Jerri S. Hunter was hired in 2007 at Chester United Methodist Church.

The former finance administrator for Chester United Methodist Church pleaded guilty Thursday to five felony embezzlement counts for stealing more than $760,000 over 4½ years — a crime that the 1,300-member church has described as devastating.

Jerri S. Hunter, 39, who was hired in 2007 to help with the church’s finances, grew bolder in her thievery as the years rolled on. She incrementally increased the sums she stole and managed to conceal through deceptive bookkeeping practices, according to evidence presented in Chesterfield Circuit Court as more than two dozen church members looked on.

Chesterfield County prosecutor Robert J. Fierro Jr. told the court that Hunter started relatively small, stealing $6,342 in 2008. But the amounts climbed dramatically as the theft went undetected: $76,145 in 2009, $111,337 in 2010, $195,161 in 2011, $272,037 in 2012 and $99,377 last year, which covered only four or five months before she was dismissed in May for an unrelated matter.

In a summary of evidence, Fierro said Hunter spent the illicit funds to pay for personal expenses and to operate, promote and purchase inventory for her business, Gotta Have It Fashion & Bags on North Sycamore Street in Petersburg, and for a talent promotional business she ran.

Fierro read a long list of items Hunter purchased with the congregation’s money: airline tickets, hotel and motel accommodations, rental cars, Netflix subscriptions, pediatric dentistry bills, business and licensing fees, shoes, business signs, fashion apparel, FedEx shipping charges, Alpha Kappa Alpha sorority dues, Virginia State University fees, goods from CVS Pharmacy and more than $100,000 in PayPal transactions for items related to her business, among other purchases.

Church leaders began their own investigation before contacting county police last July 12 and hired a forensic accountant and a certified public accountant to review the church’s financial records.

Police said church officials noticed discrepancies between bank deposits made in church accounts and the amounts that were officially recorded. They also discovered that Hunter in April 2012 had cashed two paychecks for the same period of work after claiming she had lost her initial check and was issued a second one.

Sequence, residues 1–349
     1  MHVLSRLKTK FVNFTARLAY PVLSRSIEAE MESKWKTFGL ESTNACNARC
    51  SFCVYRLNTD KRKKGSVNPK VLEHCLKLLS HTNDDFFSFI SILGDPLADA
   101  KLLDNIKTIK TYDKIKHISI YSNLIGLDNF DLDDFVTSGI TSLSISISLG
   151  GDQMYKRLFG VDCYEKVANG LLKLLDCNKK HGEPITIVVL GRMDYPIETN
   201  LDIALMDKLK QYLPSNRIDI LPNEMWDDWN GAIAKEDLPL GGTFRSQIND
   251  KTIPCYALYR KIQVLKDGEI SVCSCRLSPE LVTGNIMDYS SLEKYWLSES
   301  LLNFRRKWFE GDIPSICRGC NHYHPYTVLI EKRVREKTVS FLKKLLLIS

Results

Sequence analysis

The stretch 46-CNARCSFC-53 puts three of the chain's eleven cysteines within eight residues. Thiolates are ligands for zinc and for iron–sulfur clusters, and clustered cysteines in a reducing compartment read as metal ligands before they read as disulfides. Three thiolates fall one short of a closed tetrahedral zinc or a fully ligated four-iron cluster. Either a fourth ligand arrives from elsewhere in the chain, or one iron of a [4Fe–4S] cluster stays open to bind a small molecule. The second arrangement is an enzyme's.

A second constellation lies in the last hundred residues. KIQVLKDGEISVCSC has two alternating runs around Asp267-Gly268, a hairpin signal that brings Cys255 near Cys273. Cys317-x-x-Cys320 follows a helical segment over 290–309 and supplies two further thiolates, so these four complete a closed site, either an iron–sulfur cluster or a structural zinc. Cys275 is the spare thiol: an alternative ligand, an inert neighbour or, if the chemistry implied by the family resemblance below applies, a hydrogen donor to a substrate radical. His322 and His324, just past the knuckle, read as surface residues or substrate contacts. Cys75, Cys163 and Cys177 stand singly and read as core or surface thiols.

Much of the theft occurred through fraudulent use of church credit cards. To conceal her theft, Hunter, a Hopewell resident, diverted church credit card e-statements to a personal outside email address she controlled for her business, Fierro told the court.

Hunter, who was not a member of the church on Percival Street in Chester, was responsible for all electronic transfers and transactions between accounts, Harold Crowder, vice chairman of the church’s finance committee, said last year.

Hunter admitted taking church funds when confronted by a police investigator June 30. But Fierro said she downplayed the amount and the time frame of the theft, saying she took $50,000 to $60,000 over two years.

Hunter was originally charged with 14 felony embezzlement counts but prosecutors withdrew nine of the charges in October.

Circuit Judge Steven C. McCallum accepted Hunter’s pleas Thursday and set sentencing for June 4, when several church members are expected to testify about the impact of the loss.

State sentencing guidelines based on Hunter’s background have been calculated preliminarily to be between 2 years, one month and 5 years, two months, Fierro said.

Hunter was convicted in 2006 in Lawton, Okla., of a felony charge of failing to return rental property and sentenced to serve about six months in jail.

The judge denied defense attorney Russell Bowles’ request to allow Hunter to remain free on bond pending sentencing. Bowles said Hunter is trying to raise money to make restitution to the church and her efforts will be impeded if she is incarcerated now.

McCallum remanded Hunter to jail, citing the amount and duration of the theft. He said with her conviction there was now “some degree of risk” in her potentially fleeing.

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